Or have income of less than £6475 and put zero in the trough.
  • Former MemberFormer Member Posts: 1,876,323 The Mix Honorary Guru
    It's comforting that I can always rely on you and Bashir whenever I don't quite feel patronised enough.

    I wasn't for a minute suggesting that people on £150k and over will be living in the street. If you think that, then you need your head examined. However, the only way for the economy to recover is for people to spend, and reducing the ability of those people who actually might have some disposable income to throw about the place isn't the correct course of action. We need to encourage spending in order to aleviate the economic gloom. I'm not saying that £150k is the minimum income required to have disposable income to throw at the economy, it's the rather arbitrary figure chosen by the Government to introduce this 50% bracket.
    Most people on a 50K salary could spend, spend, spend until their head explodes, crisis or not. Those on a 150k certainly have more disposable income and spending power than 99.9% of the population of the country will ever see.

    Let's look at the figures again. The new proposed tax means that someone on a 175K would have to pay an extra 10% on those 25K above the threshold. So all this "50% tax shock" mock outrage would simply mean an extra £2500 on this person's tax bill. Which, on a salary of 175K, frankly is fuck all.

    It is preposterous to suggest someone whose top rate tax bill this year is 58000 would have their spending power curbed because next year it will be 60500 instead. If they coped and were able to spend after a tax bill of 58 grand, they sure as hell can still do so with a tax bill of only 2.5 grand more.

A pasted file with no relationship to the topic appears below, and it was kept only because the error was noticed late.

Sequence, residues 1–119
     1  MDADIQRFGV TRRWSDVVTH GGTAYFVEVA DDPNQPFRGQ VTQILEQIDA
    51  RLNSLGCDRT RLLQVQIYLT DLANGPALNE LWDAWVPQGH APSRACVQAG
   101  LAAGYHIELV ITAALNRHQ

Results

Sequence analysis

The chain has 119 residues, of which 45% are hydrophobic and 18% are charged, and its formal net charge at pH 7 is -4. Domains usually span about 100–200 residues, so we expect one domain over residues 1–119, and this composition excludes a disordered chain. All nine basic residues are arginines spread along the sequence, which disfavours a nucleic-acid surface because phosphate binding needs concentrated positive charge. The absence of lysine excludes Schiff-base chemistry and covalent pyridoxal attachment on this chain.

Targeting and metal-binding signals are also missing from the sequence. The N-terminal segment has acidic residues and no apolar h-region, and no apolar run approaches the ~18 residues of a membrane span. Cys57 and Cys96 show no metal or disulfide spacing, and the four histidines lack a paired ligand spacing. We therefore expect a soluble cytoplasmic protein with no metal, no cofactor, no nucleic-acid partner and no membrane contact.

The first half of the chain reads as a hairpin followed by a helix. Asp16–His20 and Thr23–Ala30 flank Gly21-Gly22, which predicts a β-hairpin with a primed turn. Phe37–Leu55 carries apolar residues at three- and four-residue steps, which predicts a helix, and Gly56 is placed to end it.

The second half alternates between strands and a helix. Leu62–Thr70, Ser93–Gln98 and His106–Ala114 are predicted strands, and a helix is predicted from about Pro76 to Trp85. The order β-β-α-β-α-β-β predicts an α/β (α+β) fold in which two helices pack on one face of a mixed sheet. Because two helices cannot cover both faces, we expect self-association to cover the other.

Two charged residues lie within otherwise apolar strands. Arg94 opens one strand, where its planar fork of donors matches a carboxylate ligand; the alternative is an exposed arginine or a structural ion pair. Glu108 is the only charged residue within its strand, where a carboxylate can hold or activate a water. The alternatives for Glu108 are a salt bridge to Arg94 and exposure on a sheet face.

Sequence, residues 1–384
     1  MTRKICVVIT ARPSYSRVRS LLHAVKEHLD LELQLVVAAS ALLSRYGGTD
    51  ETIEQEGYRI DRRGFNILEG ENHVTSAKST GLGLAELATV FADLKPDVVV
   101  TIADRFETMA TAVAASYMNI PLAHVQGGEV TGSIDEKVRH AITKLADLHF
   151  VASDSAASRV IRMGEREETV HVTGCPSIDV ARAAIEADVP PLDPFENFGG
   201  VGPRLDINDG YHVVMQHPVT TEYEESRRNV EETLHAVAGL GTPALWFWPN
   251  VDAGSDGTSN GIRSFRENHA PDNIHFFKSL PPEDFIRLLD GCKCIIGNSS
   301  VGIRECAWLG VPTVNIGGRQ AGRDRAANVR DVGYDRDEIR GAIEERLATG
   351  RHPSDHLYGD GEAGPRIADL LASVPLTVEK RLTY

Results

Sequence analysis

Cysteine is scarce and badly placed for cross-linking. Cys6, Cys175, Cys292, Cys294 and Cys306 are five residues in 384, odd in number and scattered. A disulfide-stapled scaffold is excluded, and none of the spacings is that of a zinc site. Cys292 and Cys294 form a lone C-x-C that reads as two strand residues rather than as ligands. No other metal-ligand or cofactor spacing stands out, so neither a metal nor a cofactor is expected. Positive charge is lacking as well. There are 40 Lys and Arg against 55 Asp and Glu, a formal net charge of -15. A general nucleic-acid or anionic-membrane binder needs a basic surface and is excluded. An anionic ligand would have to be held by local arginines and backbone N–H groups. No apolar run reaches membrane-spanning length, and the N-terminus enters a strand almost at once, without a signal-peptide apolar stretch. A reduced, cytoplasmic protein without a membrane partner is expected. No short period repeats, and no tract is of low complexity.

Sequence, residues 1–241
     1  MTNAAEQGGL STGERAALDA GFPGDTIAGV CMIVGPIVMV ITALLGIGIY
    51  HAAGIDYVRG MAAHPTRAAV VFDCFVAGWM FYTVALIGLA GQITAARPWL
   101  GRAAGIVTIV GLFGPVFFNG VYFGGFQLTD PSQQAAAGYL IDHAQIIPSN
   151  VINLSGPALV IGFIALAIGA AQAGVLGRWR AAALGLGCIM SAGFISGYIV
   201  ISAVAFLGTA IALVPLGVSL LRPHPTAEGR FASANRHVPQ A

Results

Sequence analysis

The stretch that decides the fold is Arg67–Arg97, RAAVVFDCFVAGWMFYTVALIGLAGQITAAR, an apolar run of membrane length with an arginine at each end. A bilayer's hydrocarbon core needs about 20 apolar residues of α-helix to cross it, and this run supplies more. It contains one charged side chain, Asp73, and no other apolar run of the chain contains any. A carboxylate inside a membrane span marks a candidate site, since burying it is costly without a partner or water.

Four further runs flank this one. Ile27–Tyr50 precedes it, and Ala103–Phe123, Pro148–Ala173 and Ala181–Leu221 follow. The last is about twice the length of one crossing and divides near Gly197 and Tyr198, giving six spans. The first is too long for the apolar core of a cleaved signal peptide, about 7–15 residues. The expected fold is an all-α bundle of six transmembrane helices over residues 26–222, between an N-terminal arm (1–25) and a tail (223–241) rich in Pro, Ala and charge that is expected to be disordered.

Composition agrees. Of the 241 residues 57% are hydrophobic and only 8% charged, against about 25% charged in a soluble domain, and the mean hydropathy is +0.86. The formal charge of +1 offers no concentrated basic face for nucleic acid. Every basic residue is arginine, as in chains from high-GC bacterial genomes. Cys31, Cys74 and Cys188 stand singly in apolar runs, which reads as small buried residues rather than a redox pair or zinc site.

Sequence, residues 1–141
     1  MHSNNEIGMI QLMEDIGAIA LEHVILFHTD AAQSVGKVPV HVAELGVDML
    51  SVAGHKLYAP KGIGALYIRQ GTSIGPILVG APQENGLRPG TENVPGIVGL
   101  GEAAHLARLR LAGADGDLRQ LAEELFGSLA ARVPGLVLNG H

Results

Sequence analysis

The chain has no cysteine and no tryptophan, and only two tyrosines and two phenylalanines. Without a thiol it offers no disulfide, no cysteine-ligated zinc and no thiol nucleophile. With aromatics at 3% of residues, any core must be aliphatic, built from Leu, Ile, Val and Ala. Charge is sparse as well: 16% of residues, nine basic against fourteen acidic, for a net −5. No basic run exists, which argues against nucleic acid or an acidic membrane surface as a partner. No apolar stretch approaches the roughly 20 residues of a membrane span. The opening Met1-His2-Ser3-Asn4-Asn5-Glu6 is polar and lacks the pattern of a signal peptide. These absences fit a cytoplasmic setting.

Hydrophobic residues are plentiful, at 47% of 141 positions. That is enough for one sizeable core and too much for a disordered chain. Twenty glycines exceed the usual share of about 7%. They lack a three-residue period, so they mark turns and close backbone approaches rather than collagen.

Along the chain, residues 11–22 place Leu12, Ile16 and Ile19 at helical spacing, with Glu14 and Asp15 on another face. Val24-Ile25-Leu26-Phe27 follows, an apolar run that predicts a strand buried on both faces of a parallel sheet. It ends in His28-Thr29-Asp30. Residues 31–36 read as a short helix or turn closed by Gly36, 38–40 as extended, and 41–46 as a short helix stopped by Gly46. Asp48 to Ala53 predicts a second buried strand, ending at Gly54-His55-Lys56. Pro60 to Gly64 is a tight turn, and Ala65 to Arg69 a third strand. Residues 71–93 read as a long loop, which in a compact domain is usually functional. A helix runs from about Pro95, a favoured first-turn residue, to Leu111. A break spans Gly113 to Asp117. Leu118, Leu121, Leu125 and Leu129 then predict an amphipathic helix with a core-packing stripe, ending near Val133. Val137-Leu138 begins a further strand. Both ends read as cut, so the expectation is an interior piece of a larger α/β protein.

• Former MemberFormer Member Posts: 1,876,323 The Mix Honorary Guru
    I wasn't for a minute suggesting that people on £150k and over will be living in the street. If you think that, then you need your head examined. However, the only way for the economy to recover is for people to spend, and reducing the ability of those people who actually might have some disposable income to throw about the place isn't the correct course of action. We need to encourage spending in order to aleviate the economic gloom. I'm not saying that £150k is the minimum income required to have disposable income to throw at the economy, it's the rather arbitrary figure chosen by the Government to introduce this 50% bracket.

    When has an increase in consumerism ever been the result of concentrating the money at the top of society? You increase consumption by increasing the disposable income of ordinary people, not the people at the very top. So to sack a bunch of public sector workers to allow those at the top end to keep more of their money (and they will keep it in this economic climate) is insane.
  • Former MemberFormer Member Posts: 1,876,323 The Mix Honorary Guru
    When has an increase in consumerism ever been the result of concentrating the money at the top of society? You increase consumption by increasing the disposable income of ordinary people, not the people at the very top. So to sack a bunch of public sector workers to allow those at the top end to keep more of their money (and they will keep it in this economic climate) is insane.